‘Imperfection, holes and defects in silicon quantum dots’
In this thesis spin and charge carried by holes (typified as the absence of a single electrons) in quantum dots, is investigated. ‘We explored the origin of defects in quantum dot formation, coming about by either disorder or issues arising in fabrication,’ Paul-Christiaan Spruijtenburg says. ‘Also we devised methods of eliminating them.’
First relevant theoretical concepts governing quantum dot transport measurements were put in order. ‘During the project we discovered the entire heterostructure in creating electrostatically defined quantum dots, should be examined,’ Chris tells. ‘Controlling dewetting at higher temperatures proved to be crucial in passivating defects at Si/SiO2 interfaces.’
It proved possible to make a hole quantum dot in intrinsic silicon. ‘However, silicon is known for being extremely sensitive to disorder,’ Chris says. ‘Using Al2O3 atomic-layer deposition, the majority of electrically active defects could be passivated.’
From this knowledge, low-disorder devices were fabricated. A proof of principle of a single-layer depletion-mode hole quantum dot, was demonstrated. A double-quantum dot regime could be tuned and proved ‘extremely stable’. Chris concludes: ‘Holes are promising candidates for quantum computing, but several hurdles have to be overcome to exploit their properties. Switching to a different insulator material seems requisite and feasible, Si/SiGe being a good candidate.’
As one of his most distinct thesis propositions, Chris Spruijtenburg mentions Si/SiO2 interfaces to be unsuitable for future, scalable quantum computing. ‘At these interfaces dangling bonds are present endangering the fabrication process of high-quality holes in quantum dots,’ he says. ‘Thousands of such qubits are required for finally realizing scalable quantum computing.’
In Twente, notably at the Nanoelectronics Group, Chris reckons the scientists to play a key role worldwide, to investigate the technical details and phenomena actually taking place in the nano fabrication processes involved. ‘We are well-equipped to cover a wide range of relevant nano-structures,’ he says. ‘For example electron beam lithography and atomic layer deposition enable us to do so. Having more fundamental insight in the main bottlenecks of fabrication processes, companies such as ASML can learn to design clever upscaling fabrication processes, using mask lithography.’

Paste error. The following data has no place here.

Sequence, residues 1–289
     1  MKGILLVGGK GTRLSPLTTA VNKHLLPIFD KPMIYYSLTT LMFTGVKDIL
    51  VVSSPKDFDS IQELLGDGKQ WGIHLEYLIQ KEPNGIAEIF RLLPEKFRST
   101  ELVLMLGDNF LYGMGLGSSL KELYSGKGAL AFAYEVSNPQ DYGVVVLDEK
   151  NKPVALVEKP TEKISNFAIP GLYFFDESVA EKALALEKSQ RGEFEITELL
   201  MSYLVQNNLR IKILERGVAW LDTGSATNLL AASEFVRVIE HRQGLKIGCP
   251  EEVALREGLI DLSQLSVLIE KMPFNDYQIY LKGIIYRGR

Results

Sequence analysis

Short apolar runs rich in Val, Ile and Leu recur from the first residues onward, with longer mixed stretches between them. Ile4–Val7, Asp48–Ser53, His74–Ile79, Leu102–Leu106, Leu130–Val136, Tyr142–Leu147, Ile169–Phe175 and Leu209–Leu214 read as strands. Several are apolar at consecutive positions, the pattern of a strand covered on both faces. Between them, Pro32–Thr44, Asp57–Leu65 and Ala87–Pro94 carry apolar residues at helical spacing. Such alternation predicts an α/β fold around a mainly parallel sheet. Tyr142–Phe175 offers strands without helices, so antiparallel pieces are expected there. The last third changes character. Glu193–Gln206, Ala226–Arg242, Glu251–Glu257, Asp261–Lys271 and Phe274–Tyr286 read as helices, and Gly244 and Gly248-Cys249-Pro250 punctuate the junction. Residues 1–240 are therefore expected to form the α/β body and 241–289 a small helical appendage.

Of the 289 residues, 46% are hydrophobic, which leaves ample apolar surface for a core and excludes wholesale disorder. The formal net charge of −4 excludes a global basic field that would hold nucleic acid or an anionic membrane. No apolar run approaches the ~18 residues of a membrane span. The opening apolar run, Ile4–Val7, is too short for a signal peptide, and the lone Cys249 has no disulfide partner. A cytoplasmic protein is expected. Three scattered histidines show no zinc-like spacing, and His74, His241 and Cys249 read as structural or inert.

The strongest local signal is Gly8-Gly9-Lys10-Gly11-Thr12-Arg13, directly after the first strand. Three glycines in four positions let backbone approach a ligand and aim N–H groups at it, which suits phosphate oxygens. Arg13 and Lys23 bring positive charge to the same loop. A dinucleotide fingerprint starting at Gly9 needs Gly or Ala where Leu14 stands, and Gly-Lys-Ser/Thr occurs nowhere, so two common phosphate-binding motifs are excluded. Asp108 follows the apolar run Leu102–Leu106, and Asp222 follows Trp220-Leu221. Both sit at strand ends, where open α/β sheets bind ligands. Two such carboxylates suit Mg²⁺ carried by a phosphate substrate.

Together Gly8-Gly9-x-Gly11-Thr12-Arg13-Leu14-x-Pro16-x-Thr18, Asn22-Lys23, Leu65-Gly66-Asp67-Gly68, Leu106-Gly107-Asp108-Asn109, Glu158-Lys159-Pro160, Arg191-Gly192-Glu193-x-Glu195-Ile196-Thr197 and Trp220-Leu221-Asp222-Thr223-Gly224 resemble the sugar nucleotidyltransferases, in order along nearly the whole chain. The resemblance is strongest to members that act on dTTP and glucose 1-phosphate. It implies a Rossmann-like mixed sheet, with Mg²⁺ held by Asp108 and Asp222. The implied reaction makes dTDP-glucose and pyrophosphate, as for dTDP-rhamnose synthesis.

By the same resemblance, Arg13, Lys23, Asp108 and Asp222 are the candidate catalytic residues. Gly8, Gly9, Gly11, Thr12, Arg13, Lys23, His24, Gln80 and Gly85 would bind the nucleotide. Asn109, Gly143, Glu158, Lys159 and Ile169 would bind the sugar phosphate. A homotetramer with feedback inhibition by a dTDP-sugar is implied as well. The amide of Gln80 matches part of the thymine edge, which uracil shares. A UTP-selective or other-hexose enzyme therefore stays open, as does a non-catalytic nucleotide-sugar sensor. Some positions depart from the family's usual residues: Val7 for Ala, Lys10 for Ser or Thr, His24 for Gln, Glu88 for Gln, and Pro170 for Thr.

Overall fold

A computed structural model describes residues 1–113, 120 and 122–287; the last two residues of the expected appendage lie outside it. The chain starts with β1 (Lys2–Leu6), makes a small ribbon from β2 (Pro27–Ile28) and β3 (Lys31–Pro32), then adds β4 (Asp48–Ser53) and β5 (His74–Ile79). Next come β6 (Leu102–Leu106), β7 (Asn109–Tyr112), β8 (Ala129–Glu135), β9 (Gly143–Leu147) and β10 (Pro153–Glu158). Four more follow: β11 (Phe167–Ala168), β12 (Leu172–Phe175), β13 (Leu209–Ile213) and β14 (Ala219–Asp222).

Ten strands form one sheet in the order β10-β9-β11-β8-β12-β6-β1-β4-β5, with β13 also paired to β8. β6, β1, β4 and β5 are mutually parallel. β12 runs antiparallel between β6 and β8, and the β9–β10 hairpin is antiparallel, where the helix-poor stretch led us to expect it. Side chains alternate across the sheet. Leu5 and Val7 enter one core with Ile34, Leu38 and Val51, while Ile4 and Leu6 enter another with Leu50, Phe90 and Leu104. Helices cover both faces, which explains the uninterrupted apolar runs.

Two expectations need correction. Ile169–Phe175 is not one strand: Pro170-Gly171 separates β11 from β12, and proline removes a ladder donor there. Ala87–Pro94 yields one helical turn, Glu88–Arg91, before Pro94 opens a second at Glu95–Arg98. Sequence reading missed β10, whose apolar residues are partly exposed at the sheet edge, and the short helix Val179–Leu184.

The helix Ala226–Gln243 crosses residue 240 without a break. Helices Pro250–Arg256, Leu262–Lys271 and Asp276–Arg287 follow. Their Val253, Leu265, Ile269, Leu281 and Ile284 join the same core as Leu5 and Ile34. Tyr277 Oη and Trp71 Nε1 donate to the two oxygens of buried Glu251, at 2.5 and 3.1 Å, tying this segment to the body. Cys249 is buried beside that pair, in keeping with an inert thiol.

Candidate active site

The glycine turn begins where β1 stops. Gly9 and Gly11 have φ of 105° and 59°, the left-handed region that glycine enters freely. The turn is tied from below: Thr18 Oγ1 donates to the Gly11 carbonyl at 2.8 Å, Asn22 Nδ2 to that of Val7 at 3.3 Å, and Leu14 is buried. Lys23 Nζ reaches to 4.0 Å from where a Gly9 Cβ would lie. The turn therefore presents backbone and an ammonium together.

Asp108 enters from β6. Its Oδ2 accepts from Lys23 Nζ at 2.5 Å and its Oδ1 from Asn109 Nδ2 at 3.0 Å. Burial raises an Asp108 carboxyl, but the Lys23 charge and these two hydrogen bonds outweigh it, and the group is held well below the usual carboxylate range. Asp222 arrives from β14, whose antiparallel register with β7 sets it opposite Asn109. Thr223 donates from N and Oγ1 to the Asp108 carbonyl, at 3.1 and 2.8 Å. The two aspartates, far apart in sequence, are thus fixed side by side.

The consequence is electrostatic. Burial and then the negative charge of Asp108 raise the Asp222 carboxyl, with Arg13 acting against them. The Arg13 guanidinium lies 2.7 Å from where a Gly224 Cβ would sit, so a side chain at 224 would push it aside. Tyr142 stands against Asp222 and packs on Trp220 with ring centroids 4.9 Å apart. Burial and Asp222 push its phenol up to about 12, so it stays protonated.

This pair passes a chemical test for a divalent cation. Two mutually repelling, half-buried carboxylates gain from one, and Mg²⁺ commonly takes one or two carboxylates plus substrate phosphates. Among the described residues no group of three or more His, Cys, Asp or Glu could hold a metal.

Chris enjoyed being part of Mesa+, as an intensive user of the Nanolab. ‘I feel very much at home there,’ he says. ‘Already as a master student, I was using several facilities and equipment, then located next to the Hogekamp building still.’
He was actively involved in moving from there to the current Nanolab. Chris: ‘I fully identify with the Nanolab and Mesa+ activities such as the Mesa+ Days. But most of all, I value the special team spirit in the Nanoelectronics Group. The warm and nice informal atmosphere, together with the substantive involvement of my colleagues, were inspirational throughout the entire PhD project. I am convinced good research partners are decisive in achieving scientific results. From my supervisor, dr. ir. Floris Zwanenburg, I learned to work in a more structured way, always applying a holistic perspective on the research field.’
As to his future plans, Chris is not completely sure yet. Although he finds academic research appealing, he sees the amount of time needed for writing grant proposals as a discouraging factor.
‘Unfortunately, academic research is structured this way nowadays,’ he says. ‘I am also attracted towards more practical research subjects, aimed towards applying physics in societal and local problem areas. I hope to contribute to these issues, perhaps as an entrepreneur myself, however idealistic it may seem at first glance.’
At the Nanoelectronics Group, we are well-equipped to cover a wide range of relevant nano-structures.
Having more fundamental insight in the main bottlenecks of fabrication processes, companies such as ASML can learn to design clever upscaling fabrication processes, using mask lithography.
From my supervisor, dr. ir. Floris Zwanenburg, I learned to work in a more structured way, always applying a holistic perspective on the research field.
Next to performing academic research, I am attracted towards more practical research subjects, aimed towards applying physics in societal and local problem areas.